When the energy minister said he was cutting solar subsidies the government was told it would destroy a 25,000-strong industry. Vern Pitt finds out if the actual impact has matched the dire forecasts

NA

A year ago this week energy minister Greg Barker launched plans to halve the subsidies that pay householders for generating solar photovoltaic electricity. “My priority is to put the solar industry on a firm footing so that it can remain a successful part of the green economy, and doesn’t fall victim to boom and bust,” he said.

Contrary to his rhetoric, the announcement kicked off a year in which the industry suffered four separate cycles of boom and bust as consumers rushed to meet successive deadlines for cuts in the subsidies - called feed-in tariffs (FITs). It also provoked a compensation claim against the government for £50m and rising. The announcement of the cuts was met with wails from many in the industry that it would destroy the 25,000 jobs it supports and result in waves of insolvencies. But has it?

For those working in the industry, there isn’t any doubt about the degree of decline. “We have a lot of customers phone where we are the sixth company they have called and we are the only one where there’s a phone line open,” says Howard Johns, managing director of installer Southern Solar. Johns’ own company has had to cut around two-thirds of its staff in the face of falling workloads - a situation he says mirrors that of every other solar boss he has been in contact with.

Paul Barwell, Solar Trade Association (STA) chief executive, agrees. “I know companies that have had to halve their head counts,” he says. Most publically, contractor Carillion lost 1,400 jobs in its energy services business.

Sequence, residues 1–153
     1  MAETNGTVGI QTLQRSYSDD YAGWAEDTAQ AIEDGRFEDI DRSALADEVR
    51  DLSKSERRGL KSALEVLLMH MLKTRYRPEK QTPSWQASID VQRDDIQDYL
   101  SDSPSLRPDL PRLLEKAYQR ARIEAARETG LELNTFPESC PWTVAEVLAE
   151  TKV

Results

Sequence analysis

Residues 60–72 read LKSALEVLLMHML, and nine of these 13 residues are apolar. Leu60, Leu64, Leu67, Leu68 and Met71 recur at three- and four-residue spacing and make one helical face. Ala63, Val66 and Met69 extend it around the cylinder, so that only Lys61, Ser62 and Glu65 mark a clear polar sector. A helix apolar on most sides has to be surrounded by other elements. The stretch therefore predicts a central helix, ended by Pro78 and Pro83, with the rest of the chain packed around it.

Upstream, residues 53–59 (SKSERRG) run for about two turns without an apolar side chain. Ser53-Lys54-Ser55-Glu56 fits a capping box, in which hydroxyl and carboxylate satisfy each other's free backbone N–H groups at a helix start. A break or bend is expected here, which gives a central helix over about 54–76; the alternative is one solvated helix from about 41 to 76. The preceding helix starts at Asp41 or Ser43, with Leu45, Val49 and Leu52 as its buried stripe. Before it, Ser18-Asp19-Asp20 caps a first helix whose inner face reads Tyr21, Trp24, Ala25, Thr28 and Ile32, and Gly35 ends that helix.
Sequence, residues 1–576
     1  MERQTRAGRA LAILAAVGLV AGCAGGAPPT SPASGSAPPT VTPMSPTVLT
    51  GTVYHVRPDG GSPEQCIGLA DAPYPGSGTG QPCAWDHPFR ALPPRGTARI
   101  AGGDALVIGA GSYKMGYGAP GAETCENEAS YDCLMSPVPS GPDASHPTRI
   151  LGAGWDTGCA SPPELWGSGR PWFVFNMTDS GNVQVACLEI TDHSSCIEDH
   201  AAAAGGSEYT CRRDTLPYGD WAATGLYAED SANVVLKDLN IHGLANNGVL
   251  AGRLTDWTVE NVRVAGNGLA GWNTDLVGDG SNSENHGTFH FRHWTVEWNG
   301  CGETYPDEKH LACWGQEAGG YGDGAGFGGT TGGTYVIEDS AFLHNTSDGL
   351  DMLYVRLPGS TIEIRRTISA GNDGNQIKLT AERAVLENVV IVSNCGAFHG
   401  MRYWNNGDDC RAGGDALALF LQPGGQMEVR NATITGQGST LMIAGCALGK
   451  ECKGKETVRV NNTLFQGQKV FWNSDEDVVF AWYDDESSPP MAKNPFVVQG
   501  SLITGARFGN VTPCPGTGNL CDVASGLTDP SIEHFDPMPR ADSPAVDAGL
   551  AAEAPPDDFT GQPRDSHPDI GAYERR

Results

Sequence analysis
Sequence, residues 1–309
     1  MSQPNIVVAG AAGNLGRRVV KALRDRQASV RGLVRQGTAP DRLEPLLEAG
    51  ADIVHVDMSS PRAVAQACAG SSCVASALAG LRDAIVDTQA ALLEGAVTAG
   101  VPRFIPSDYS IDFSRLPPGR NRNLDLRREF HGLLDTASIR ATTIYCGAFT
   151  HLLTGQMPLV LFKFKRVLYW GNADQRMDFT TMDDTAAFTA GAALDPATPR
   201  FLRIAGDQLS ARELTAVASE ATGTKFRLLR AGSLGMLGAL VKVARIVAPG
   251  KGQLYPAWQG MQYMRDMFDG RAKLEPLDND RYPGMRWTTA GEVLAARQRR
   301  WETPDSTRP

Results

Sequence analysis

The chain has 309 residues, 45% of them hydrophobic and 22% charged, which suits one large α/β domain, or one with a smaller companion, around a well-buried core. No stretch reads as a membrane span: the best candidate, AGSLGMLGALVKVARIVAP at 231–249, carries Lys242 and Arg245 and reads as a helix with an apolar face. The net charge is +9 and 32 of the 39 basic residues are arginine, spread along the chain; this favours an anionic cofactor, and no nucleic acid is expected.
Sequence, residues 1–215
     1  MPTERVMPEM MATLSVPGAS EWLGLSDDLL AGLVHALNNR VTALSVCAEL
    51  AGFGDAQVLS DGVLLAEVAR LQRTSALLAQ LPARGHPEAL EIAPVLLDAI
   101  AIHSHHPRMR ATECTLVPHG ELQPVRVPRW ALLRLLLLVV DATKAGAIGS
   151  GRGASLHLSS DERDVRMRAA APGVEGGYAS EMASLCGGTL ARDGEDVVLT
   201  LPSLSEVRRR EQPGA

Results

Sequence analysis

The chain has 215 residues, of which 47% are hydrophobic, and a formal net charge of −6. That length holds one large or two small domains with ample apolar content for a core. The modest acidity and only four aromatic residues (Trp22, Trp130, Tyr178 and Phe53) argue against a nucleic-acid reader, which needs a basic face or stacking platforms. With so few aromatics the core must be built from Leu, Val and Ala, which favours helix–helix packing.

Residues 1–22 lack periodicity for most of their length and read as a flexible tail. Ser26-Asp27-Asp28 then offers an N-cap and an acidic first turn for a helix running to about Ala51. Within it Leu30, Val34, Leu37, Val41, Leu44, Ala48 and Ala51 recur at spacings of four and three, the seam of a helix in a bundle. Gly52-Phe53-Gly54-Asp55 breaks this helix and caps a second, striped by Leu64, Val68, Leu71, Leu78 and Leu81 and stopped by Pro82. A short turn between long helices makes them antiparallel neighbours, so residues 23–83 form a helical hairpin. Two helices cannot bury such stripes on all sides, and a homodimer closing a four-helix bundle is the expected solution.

David Hawkins, director of wholesaler Solar Europa, says 70% of the firms he used to sell panels to have gone out of business - a number of them owing Solar Europa money. “We’ve lost £120,000 through customers going bust,” he says, adding that Solar Europa has started doing installations itself in the past year to offset falling product sales.

Unfortunately there is a lack of quality data to back up the anecdotal picture. The STA does not have any numbers on insolvencies or job losses and the sector is too small to warrant its own category in official statistics.

What data there is, is conflicting. Numbers from Renewable Energy Assurance Limited, the body that monitors solar PV installers, show there were 4,730 companies registered to install PV on 1 October 2012, compared with 3,668 in November 2011. But as registrations with the body have to be made on an annual basis, the full picture will not become clear for another year.

Most tellingly, the rate of installations in October 2012 was around 1,600 a week, about a third of the average weekly installation rate of 4,700 in October 2011 when Barker announced the subsidy cut.

Certainly large market players including Evo Energy, Carillion and Segen, have diversified to offer technologies such as heat pumps and insulation where the Renewable Heat Incentive and the Green Deal promise to stimulate market activity.